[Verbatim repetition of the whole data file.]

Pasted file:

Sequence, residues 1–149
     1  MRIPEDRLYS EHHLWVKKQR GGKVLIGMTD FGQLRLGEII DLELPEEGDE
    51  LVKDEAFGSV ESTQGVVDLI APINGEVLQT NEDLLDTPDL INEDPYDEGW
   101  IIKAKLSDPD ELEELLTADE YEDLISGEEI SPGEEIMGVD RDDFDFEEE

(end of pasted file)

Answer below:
Sequence, residues 1–149
     1  MRIPEDRLYS EHHLWVKKQR GGKVLIGMTD FGQLRLGEII DLELPEEGDE
    51  LVKDEAFGSV ESTQGVVDLI APINGEVLQT NEDLLDTPDL INEDPYDEGW
   101  IIKAKLSDPD ELEELLTADE YEDLISGEEI SPGEEIMGVD RDDFDFEEE